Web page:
Tatev is one Armenia’s most famous landmarks. It’s also one of the hardest sights to reach in the entire Caucasus region.
Some 250 kilometers from Yerevan, Tatev is much closer to the borders of Iran and Nagorno-Karabakh than it is to the Armenian capital. The village of Tatev is high in the hills, and the monastery itself is perched on the edge of a cliff. Minibus service to the village only operates once a week, leaving visitors to rely on a rather unique method of transportation:
The world’s longest, non-stop, double-track cable car.
Getting to Tatev, Armenia
For most travelers, the journey to Tatev begins in Yerevan (more on this near the end of my post). However, I was coming from “elsewhere in the region” (if you catch my drift…) and was able to arrive at the lower cable car station in the village of Halidzor via private taxi. I had departed relatively early in the morning, with the hopes of being on one of the first cable cars, but my taxi broke down three times on the way and consequently it was closer to mid-morning when I finally arrived at the Wings of Tatev cable car station.
I quickly headed for the cable car station to buy my ticket. I was a little bit worried because I would be spending two nights at the top of the cable car, in Tatev village, and didn’t see any other passengers with luggage. Would they even let me board the cable car with my full-sized backpack?
After queuing for about twenty minutes I was able to buy my ticket quickly and efficiently. The ticket vendor wasn’t sure about my pack, so she disappeared to speak to a supervisor. It was determined that my bag and I could go up, but not necessarily together. If my cable car was full, they were going to keep my pack at the base and send it up later that day on a less-busy car. I accepted this option and bought my return ticket, choosing the next available departure (in about half an hour) and a return trip at the time of my choice, two days later. The cost of a prepaid return ticket was 5,000 AMD (about $11 USD).
I spent the next thirty minutes wandering around the cable car station, looking at the posted information and taking in the views. There was a proper sit-down restaurant on site, along with clean bathrooms, a small gift shop and several ice cream vendors. As a little bonus, there is free WiFi at both the top and bottom stations!
About ten minutes before my scheduled departure, I got in line for the cable car. The attendants tried to squeeze me in to the very back of the cable car before my scheduled departure time, but I feigned ignorance and pretended that I thought I had to wait for my scheduled departure. This way, I would be the first person in the car and I would get one of the prized spots at the front, with unobstructed views of the landscape below. My little charade worked, and they let me – and my backpack – board the next cable car first.
The actual ride from Halidzor station to Tatev station was spectacular.
The 5.7-kilometer trip takes about thirteen minutes, and there is an audio tour guide in Armenian, Russian and English that points out the different things you can see along the way. At times, I found it difficult to be sure that I was looking at the sight being described in the recording, but I didn’t care because it was so beautiful.
At its maximum height, the cable car is more than three hundred meters above the ground below. There are a few white-knuckle moments as the car reaches one of the support towers, pauses, and then dips down onto the cable below. The mood in the car shifts from awe, to nervousness, to relief as you realize that yes, the journey is completely safe.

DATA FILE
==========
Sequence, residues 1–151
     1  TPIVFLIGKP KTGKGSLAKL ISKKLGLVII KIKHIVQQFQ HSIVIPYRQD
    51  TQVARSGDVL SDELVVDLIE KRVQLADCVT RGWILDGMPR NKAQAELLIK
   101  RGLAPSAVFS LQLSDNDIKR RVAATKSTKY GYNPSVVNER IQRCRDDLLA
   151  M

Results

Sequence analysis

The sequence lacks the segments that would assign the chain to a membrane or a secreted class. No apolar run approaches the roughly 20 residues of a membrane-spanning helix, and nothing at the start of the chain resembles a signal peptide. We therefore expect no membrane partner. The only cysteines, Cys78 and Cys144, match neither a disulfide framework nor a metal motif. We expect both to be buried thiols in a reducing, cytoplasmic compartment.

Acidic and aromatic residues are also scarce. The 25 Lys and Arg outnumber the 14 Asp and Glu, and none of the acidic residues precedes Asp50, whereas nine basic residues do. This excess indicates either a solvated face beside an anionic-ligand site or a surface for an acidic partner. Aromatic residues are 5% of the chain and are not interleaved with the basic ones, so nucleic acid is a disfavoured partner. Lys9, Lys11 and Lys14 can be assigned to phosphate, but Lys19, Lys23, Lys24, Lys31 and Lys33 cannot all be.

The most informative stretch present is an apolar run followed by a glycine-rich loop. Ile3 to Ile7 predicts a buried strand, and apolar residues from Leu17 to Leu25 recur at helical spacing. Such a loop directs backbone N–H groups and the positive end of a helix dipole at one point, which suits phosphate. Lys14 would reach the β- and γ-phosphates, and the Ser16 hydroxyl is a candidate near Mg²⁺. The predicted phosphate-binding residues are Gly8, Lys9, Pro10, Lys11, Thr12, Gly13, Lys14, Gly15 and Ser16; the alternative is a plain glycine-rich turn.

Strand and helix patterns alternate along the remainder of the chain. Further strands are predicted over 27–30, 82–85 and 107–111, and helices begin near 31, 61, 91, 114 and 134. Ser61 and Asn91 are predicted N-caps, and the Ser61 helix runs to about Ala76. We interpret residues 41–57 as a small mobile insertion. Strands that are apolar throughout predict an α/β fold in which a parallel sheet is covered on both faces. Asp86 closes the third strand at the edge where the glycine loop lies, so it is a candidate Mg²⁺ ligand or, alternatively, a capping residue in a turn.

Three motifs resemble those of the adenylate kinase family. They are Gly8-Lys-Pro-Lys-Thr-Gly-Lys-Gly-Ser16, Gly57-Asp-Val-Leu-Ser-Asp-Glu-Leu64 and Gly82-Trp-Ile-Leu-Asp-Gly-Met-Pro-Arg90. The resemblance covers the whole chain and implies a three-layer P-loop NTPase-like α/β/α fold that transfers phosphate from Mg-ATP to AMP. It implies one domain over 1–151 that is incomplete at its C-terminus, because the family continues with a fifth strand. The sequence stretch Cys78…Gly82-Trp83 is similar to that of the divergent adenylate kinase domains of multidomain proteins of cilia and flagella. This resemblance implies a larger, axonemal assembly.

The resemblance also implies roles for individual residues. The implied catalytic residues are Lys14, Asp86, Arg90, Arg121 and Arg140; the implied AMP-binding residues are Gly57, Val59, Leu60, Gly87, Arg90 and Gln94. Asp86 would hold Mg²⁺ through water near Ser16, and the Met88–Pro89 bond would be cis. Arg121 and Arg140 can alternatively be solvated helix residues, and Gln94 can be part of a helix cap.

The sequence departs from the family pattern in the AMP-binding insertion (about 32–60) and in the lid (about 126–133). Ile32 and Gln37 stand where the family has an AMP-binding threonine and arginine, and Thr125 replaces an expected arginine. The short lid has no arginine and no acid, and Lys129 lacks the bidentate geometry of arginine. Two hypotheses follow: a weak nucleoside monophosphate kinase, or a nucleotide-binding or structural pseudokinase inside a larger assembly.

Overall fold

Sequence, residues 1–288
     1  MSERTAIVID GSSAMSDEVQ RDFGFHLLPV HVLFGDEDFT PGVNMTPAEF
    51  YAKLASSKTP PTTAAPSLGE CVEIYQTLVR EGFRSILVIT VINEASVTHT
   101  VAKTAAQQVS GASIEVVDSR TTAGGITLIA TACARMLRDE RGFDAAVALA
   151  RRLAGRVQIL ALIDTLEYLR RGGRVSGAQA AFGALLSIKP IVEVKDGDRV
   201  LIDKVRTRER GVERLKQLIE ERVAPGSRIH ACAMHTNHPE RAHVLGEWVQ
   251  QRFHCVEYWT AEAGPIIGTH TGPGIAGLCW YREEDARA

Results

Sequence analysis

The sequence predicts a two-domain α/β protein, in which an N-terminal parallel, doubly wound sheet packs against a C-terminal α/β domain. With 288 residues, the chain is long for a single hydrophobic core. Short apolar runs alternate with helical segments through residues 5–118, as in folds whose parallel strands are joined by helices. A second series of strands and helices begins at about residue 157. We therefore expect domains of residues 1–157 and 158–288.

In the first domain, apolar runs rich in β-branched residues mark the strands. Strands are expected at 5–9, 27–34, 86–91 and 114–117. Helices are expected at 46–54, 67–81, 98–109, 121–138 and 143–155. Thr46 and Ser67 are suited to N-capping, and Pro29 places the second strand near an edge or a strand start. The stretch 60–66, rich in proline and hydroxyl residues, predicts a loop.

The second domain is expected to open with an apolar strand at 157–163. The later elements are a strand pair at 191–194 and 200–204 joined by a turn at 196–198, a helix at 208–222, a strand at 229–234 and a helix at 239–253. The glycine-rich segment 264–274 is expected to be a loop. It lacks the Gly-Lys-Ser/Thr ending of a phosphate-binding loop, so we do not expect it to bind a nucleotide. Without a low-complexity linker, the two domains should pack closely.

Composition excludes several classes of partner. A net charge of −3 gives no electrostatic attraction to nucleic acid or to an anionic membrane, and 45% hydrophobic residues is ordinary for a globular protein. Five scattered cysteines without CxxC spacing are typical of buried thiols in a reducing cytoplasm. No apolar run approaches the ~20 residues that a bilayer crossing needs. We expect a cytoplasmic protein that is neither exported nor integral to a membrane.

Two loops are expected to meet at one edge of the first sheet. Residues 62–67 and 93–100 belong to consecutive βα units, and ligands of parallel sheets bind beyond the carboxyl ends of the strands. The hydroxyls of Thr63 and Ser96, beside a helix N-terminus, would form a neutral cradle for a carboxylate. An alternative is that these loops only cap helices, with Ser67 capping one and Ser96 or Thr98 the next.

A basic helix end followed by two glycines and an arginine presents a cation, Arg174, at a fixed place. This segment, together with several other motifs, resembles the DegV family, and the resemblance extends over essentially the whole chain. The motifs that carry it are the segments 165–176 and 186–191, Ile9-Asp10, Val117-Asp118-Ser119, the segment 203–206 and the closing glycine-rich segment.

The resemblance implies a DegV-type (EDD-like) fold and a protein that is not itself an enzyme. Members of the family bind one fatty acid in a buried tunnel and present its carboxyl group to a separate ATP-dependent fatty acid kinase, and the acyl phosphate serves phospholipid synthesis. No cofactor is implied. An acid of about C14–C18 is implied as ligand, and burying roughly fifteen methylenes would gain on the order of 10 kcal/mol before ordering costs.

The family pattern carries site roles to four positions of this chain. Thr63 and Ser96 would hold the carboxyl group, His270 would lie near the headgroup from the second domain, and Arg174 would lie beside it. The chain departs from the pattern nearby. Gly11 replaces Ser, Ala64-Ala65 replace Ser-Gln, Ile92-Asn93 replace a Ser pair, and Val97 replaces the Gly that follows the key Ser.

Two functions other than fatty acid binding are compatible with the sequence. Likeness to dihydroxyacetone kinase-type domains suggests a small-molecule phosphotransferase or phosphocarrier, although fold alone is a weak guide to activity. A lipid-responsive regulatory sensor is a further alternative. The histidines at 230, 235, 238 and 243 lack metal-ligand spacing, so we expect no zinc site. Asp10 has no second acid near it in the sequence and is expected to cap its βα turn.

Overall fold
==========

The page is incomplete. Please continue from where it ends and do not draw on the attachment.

Visiting the Tatev Monastery
The main attraction at Tatev is the monastery. Dating back to the ninth century, the cliff-side monastery complex features three churches and a variety of other buildings necessary for the monks to sustain their lifestyle.
Admission to the monastery complex is free, but they are very strict about enforcing the rules. Most importantly:
- Modest dress is expected of both sexes, including head-coverings for girls and women. Shawls and scarves can be borrowed for free if necessary.
- Avoid the use of cell phones and flash photography within the complex.
- Be quiet and respectful everywhere on the grounds.
I thought I had followed all of the rules very carefully. Imagine my surprise, then, when I was sitting alone in a dark corner of a church and suddenly found myself being smacked by a nun!
I tugged at my scarf and shawl, trying to better cover my hair and shoulders. This just got me another smack, but this time on my knees.
Apparently the nun disapproved of me sitting with my legs crossed.
I was wearing loose-fitting pants that covered all of my legs, so it wasn’t like my chosen sitting position was revealing anything inappropriate. However, I suppose that crossing my legs might have been perceived as “suggestive”?
Either way, I quickly uncrossed my legs and hustled out of that church, back to the safety of the sunlit exterior grounds.
Exploring the grounds of the Tatev Monastery can be quite interesting. As you explore each different area, you are treated to completely different views of the surrounding countryside. Some rooms even have English signage to help clarify how the monks had originally used that space.
Outside of the fortified complex there is also an olive oil mill, which has been reconstructed and modernized into a museum showcasing both the history of the site and the history of olive oil production in the region. Admission is free, and there is a fantastic gift shop inside if you’re looking for authentic, locally-produced souvenirs.
Staying in Tatev Village
Most travelers who ride the cable car come as part of a day trip, arriving and departing on the same day. However, it is possible to sleep overnight at a guesthouse in Tatev village.
Although the village of Tatev is home to fewer than 1,000 residents, it has a handful of guesthouses that open their doors to religious travelers, hikers and others who would benefit from spending a night or two at the top of the cable car.
I can highly recommend Bed & Breakfast John and Lena, where I stayed for two nights. It is located in a modern home (not like the ones shown above!) that is very close to the cable car station and the monastery. The women who operate the guesthouse are absolute gems whose hospitality knows no bounds. My room was very comfortable and spotlessly clean, and the food they served for breakfast and dinner was among the best I ate in the Caucasus. I spent two afternoons sitting with them at their kitchen table, chatting, drinking tea and cracking open fresh walnuts from the trees outside.